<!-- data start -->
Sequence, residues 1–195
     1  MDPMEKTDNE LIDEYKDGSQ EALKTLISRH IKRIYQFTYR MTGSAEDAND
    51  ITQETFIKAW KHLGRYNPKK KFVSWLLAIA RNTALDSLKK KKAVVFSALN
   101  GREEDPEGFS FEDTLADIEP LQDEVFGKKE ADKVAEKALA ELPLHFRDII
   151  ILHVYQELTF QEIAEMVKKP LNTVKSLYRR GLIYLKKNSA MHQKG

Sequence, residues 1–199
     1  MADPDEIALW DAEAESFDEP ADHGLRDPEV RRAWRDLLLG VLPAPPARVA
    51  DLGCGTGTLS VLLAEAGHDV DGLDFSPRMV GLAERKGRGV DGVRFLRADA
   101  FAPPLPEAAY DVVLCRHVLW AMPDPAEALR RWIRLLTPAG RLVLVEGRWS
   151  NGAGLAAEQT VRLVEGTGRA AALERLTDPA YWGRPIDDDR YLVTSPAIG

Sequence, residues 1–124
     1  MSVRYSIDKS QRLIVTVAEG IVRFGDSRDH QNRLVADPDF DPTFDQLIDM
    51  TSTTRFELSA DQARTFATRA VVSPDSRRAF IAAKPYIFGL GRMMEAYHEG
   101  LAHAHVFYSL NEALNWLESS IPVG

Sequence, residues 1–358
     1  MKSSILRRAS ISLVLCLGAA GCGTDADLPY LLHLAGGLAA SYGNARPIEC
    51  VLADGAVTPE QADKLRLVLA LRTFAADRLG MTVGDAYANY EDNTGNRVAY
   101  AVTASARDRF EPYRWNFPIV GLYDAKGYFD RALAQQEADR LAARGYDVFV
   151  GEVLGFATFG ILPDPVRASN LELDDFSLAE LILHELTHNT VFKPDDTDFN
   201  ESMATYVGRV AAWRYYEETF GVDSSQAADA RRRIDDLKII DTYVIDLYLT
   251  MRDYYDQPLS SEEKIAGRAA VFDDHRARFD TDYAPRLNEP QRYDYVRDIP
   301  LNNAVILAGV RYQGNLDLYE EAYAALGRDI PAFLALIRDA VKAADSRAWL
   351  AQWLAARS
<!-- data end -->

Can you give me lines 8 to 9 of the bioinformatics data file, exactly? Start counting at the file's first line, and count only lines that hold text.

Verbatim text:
    51  DLGCGTGTLS VLLAEAGHDV DGLDFSPRMV GLAERKGRGV DGVRFLRADA
   101  FAPPLPEAAY DVVLCRHVLW AMPDPAEALR RWIRLLTPAG RLVLVEGRWS